An Objective Measure of Splitting in Parental Alienation: The Parental Acceptance–Rejection Questionnaire

@article{Bernet2018AnOM,
  title={An Objective Measure of Splitting in Parental Alienation: The Parental Acceptance–Rejection Questionnaire},
  author={William Bernet and Nilgun Gregory and Kathleen M. Reay and Ronald P. Rohner},
  journal={Journal of Forensic Sciences},
  year={2018},
  volume={63}
}
Both clinicians and forensic practitioners should distinguish parental alienation (rejection of a parent without legitimate justification) from other reasons for contact refusal. Alienated children—who were not abused—often engage in splitting and lack ambivalence with respect to the rejected parent; children who were maltreated usually perceive the abusive parent in an ambivalent manner. The purpose of this study was to assess the usefulness of the Parental Acceptance–Rejection Questionnaire…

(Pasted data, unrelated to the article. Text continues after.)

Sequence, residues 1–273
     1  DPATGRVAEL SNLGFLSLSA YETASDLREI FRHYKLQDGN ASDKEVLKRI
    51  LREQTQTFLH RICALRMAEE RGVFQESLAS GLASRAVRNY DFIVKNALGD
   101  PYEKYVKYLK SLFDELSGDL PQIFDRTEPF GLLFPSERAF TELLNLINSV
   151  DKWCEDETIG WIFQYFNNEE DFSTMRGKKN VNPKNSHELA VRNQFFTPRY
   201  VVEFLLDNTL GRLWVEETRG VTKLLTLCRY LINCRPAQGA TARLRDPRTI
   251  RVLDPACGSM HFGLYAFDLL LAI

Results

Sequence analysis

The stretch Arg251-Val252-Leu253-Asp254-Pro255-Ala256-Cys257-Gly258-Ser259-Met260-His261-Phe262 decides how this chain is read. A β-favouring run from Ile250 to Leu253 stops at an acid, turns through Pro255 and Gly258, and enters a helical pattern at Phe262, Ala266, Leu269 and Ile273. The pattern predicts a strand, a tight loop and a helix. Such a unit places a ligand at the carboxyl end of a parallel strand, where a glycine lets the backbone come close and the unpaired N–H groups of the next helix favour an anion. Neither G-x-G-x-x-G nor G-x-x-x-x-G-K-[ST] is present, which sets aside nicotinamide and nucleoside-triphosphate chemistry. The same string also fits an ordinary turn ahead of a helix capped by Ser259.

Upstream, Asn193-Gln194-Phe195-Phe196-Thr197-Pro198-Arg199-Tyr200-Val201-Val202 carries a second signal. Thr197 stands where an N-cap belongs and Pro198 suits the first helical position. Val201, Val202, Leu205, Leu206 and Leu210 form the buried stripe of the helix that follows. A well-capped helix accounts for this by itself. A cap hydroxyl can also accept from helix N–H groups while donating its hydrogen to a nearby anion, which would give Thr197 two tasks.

Measuring the Difference Between Parental Alienation and Parental Estrangement: The PARQ‐Gap

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Commentary on: An objective measure of splitting in parental alienation: the Parental Acceptance‐Rejection Questionnaire. J Forensic Sci https://doi.org/10.1111/1556-4029.13625. Epub 2017 Aug 17

  • V. Puppo
  • Psychology
    Journal of forensic sciences
  • 2018
Clinicians and forensic practitioners must not consider the Parental Acceptance–Rejection Questionnaire for the diagnosis of parental alienation because PAS is not a disease and the resort to PAS in courts must be rejected.

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